Funeral Business Awaits Falcons Cheerleader

Years ago, current Atlanta Falcons Cheerleader Alice F. decided to have a Halloween party with her high school friends that involved the usual – scary movies, costumes and candy. Her party easily beat out the rest, however, as it took place in the perfect Halloween setting.

The group got to tour a place Alice is highly familiar with: Fair Funeral Home, otherwise known as the business that she and her family have owned for decades.


"The business was started by my great grandfather," Alice said. "He started it pretty much just out of a house and then my grandfather took over later and then eventually my dad bought the business. I think my dad bought the funeral home when I was 2 or 3. So I've grown up in the funeral home my entire life."

Located in Eden, N.C., the funeral home is run with the help of all of Alice's relatives, who all live less than a mile from each other. Along with her father owning it, her mother is the one in charge of the flowers and landscaping while her uncle and aunt actually live inside the home — right across from the casket room.

They also own the house directly next to the funeral home for people who want to have an after-funeral party or even a wedding there, both of which she notes are very common.

Growing up a dancer because of her mom (an aerobics instructor of more than 30 years), Alice took advantage of what she had available and used the funeral home chapel to put on performances with her best friend. They would then send flyers out to their neighbors, promoting the performance that was set to take place at the very untraditional stage.

"I didn't really think much about it until I was in high school. Then I realized that it's kind of weird," Alice said. "It was different. Some people thought I was strange."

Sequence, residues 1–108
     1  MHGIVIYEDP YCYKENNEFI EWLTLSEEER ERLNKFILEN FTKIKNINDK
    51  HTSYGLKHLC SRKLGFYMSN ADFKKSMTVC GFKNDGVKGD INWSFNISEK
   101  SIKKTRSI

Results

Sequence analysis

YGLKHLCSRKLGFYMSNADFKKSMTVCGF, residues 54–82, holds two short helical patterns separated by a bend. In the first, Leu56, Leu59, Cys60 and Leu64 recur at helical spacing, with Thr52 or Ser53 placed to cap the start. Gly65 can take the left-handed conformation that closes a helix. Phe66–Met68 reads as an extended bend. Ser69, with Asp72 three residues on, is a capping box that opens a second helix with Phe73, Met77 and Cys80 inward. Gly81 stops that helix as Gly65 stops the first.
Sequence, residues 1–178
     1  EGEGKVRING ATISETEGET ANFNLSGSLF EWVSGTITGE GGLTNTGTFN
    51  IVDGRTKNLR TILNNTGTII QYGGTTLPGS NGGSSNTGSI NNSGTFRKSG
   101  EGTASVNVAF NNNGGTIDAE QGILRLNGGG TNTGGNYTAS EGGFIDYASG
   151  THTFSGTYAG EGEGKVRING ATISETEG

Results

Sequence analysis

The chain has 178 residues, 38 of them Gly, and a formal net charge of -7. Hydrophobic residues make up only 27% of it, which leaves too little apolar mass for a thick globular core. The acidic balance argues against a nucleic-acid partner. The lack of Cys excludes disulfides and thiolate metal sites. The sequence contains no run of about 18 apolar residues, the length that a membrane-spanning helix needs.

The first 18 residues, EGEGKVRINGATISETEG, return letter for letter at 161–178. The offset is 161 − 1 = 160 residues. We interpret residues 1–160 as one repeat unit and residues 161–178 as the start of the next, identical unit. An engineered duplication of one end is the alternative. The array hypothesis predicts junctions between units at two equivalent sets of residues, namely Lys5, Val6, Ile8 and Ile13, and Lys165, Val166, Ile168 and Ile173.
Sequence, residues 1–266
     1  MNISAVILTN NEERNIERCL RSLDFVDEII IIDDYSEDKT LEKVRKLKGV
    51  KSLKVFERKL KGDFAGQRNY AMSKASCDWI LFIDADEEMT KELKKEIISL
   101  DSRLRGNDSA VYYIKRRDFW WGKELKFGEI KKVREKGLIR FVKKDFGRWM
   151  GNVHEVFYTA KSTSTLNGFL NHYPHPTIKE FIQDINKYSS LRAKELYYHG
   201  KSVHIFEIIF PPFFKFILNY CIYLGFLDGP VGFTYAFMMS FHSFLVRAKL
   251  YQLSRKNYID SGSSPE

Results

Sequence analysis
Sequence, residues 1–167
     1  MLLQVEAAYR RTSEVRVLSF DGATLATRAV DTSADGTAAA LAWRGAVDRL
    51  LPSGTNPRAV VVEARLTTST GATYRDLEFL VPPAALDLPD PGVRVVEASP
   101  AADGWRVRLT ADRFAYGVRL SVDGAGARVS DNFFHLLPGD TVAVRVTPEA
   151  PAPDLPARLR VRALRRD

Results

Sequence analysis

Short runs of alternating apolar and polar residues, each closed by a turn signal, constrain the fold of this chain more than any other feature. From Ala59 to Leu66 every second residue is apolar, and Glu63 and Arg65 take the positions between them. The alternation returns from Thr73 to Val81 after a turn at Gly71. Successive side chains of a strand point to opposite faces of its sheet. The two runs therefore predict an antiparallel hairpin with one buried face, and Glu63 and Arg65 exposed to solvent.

Still, Eden is a town of just around 16,000 people and Alice and her mom found a way to bring many of them together by forming a Fourth of July parade that starts at the funeral home.

"Every year everyone meets at the funeral home and then the parade goes around the neighborhood," she said. "It started with 50 people and now there's like a little over 1,000. So that's kind of a big accomplishment."

Now in her third year with the Falcons, her fellow cheerleaders are familiar with the story but still are intrigued to know what she considers obvious questions, like if she's ever seen a dead body.

"Yeah, of course," she said with a laugh. "I've seen a lot of dead bodies."

Alice, who worked at the funeral home as a secretary during high school and whenever she gets the chance to go home, fully plans to keep the family tradition going. Although she previously planned to follow her father's footsteps and buy Fair Funeral Home, now she might have different plans.

"Now that I'm in Atlanta, I haven't decided," she said. "Maybe I'll open up my own funeral home one day. But for now, I don't know if I'm ready to hang up my pom poms just yet."

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